Marian Zazeela, Artist Behind Dizzying Drawings and Transcendent Light Shows, Dies at 83 - Living Strong Television Network
Marian Zazeela, Artist Behind Dizzying Drawings and Transcendent Light Shows, Dies at 83

Marian Zazeela, an artist whose abstract drawings and light installations envisioned dream states, died at her home in New York at 83 on Thursday. The MELA Foundation, an organization she cofounded with her partner, the artist La Monte Young, announced her passing on Friday, saying she died of natural causes while sleeping.

Zazeela produced work that did not fit neatly within the confines of any movement, even as it flirted with the aesthetics of Minimalism. By her own admission, she produced “borderline art,” a term she favorited for work that “‘borders’ and challenges the conventional distinction between decorative and fine art by using decorative elements in the fine art tradition,” as she once put it.

She is best-known for Dream House, a sound and light installation conceived in collaboration with Young. First mounted in 1969 and since staged in a variety of forms, the installation features drone music by Young and Light, an installation by Zazeela whose illumination, typically in a single shade of magenta, colors the entire space.

The version of Dream House that is now open for visitation on Church Street in Lower Manhattan is beloved by the general public, with visitors regularly venturing there to recline in the installation for extended periods of time. “It’s a simple concept,” M. H. Miller remarked in a 2020 T: The New York Times Style Magazine profile of Young, “and yet this harmony between sound and light was one of the earliest cohabitations of contemporary music and art.”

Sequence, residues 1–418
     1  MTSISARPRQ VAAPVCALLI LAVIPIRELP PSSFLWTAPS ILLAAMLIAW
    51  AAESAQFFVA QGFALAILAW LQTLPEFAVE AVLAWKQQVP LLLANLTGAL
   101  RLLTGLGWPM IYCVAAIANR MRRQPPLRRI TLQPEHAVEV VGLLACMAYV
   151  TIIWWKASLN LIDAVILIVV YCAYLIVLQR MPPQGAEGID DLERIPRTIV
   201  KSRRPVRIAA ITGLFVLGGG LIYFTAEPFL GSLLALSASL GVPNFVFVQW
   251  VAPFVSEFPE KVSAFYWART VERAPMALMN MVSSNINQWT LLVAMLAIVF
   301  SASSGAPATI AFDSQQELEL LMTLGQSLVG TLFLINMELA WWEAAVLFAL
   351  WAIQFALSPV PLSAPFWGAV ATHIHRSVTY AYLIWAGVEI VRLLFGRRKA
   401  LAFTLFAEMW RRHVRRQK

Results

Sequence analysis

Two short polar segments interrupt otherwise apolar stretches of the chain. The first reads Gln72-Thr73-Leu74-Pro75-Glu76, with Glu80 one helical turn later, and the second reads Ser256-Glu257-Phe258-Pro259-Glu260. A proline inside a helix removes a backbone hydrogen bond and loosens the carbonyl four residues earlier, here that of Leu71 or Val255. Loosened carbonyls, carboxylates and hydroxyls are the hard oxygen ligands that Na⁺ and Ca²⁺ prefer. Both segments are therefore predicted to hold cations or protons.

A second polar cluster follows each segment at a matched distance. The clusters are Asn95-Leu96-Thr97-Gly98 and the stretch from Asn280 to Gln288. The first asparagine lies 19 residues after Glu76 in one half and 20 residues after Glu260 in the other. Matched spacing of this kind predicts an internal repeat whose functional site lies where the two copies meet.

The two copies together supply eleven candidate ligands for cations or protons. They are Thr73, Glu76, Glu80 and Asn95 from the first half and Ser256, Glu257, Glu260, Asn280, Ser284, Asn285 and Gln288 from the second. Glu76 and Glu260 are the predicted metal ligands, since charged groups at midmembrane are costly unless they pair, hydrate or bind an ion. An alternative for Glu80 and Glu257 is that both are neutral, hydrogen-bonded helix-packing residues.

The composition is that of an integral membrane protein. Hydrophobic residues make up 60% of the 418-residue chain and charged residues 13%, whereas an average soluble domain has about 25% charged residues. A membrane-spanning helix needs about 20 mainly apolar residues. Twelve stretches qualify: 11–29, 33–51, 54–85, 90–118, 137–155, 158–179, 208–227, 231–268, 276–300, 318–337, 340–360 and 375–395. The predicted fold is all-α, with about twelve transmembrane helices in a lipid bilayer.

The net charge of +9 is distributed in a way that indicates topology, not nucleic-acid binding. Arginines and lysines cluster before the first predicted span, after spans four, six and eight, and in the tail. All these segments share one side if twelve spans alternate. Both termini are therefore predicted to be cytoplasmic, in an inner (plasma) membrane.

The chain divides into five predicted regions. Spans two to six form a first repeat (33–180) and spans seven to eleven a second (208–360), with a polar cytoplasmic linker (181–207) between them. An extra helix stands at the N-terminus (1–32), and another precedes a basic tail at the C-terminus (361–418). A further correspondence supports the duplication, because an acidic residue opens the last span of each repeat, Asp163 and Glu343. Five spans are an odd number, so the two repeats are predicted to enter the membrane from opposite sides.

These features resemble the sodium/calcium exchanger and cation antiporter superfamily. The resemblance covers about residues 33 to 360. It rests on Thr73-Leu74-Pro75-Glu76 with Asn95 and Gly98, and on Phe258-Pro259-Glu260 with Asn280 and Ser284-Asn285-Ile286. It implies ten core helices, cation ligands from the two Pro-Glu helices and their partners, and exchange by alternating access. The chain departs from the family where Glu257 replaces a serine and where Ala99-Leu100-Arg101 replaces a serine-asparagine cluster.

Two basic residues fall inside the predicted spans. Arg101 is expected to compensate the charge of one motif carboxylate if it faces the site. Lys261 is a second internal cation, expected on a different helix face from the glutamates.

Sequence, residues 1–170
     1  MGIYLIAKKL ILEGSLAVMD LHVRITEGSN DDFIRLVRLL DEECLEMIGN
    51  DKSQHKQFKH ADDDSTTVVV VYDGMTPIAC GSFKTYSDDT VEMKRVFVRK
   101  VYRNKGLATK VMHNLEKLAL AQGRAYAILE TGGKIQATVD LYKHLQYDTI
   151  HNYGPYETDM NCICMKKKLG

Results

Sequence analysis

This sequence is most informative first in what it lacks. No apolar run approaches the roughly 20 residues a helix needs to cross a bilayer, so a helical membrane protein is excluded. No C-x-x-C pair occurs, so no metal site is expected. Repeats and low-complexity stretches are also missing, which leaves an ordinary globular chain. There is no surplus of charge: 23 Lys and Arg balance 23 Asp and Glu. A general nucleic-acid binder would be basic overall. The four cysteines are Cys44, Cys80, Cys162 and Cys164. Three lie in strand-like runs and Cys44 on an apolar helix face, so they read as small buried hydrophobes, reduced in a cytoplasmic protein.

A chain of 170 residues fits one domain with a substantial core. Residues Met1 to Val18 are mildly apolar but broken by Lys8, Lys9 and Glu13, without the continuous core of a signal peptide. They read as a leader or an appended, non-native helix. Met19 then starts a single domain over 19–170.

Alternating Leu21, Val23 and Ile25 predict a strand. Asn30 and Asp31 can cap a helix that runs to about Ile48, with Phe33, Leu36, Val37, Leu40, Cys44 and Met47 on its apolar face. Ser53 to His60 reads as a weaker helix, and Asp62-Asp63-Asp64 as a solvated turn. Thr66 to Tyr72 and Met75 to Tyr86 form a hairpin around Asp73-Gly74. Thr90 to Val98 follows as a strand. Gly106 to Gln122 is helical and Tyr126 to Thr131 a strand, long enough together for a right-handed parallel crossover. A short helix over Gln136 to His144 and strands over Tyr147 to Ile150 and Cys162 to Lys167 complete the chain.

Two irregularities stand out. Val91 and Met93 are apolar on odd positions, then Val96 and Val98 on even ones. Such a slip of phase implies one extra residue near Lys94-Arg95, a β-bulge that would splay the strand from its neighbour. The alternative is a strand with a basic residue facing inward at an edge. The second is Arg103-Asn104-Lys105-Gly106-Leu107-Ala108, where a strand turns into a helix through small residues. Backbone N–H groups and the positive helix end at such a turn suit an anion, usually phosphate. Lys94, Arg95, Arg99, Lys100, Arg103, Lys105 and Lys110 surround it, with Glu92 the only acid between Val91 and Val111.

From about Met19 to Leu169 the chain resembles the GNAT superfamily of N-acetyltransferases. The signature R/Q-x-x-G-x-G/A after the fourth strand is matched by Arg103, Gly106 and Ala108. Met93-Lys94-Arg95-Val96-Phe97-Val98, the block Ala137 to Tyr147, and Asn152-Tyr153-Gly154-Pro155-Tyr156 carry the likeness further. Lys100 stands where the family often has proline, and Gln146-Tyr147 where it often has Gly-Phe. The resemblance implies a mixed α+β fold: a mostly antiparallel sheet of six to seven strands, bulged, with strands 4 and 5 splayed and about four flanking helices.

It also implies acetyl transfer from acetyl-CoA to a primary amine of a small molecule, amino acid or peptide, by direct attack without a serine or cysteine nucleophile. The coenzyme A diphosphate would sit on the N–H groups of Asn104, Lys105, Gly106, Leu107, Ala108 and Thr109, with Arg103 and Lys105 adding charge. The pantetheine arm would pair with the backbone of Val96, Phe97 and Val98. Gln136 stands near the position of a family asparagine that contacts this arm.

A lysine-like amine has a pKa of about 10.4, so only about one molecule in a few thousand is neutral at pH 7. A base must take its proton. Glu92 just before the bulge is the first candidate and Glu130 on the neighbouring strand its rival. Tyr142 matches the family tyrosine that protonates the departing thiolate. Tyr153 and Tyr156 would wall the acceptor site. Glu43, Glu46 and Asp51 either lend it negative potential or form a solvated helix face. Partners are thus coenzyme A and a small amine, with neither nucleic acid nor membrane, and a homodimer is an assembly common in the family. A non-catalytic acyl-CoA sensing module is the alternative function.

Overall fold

Working solo, Zazeela produced drawings composed of intricate calligraphic forms that are by turns hypnotic and dizzying. They are currently the subject of an exhibition at Artists Space in New York that has earned acclaim from critics. In Art in America, Andy Battaglia wrote of the show, “drawings of the kind in ‘Dream Lines’ tell the story of an artist who awakens different states of dreaming on her own.”

Marian Zazeela was born in New York in 1940. She attended Bennington College, where she studied art under artists such as the sculptor Tony Smith, and graduated in 1960. The year afterward, she immersed herself in the Downtown New York art scene, ultimately linking up with figures such as the filmmaker Jack Smith and even making an appearance in his most famous work, Flaming Creatures (1963). That same year, she married Young, with whom she had begun collaborating in 1962.

Jung Hee Choi, La Monte Young, and Marian Zazeela.

Her abstract drawings of this era sometimes contort words and text to form eye-popping patterns. But it is virtually possible to discern meaning from these forms, which resemble cursive pushed to its illegible limits.

As with Young’s oeuvre, Zazeela’s output would come to traverse multiple fields. While she was making her abstract drawings, she also served as a vocalist for Young’s Theatre of Eternal Music group. Meanwhile, she also made light shows, which she said were intentionally cross-disciplinary in nature. “My work in light expands traditional concepts of painting and sculpture, while involving elements of each discipline,” she once wrote.

During the ’70s, she studied under Pandit Pran Nath, an Indian musician who specialized in the Kirana gharana style of singing and performed together with Zazeela and Young many times over the years.

Although Zazeela and Young’s collaborative work has gained recognition, it was not until recently that her work produced solo had been given prominent showcases. Dia:Beacon staged a solo show of her work in 2019; the foundation that runs that New York museum today owns a 2015 version of Dream House that is credited to Zazeela, Young, and Jung Hee Choi, the executive director of the MELA Foundation.

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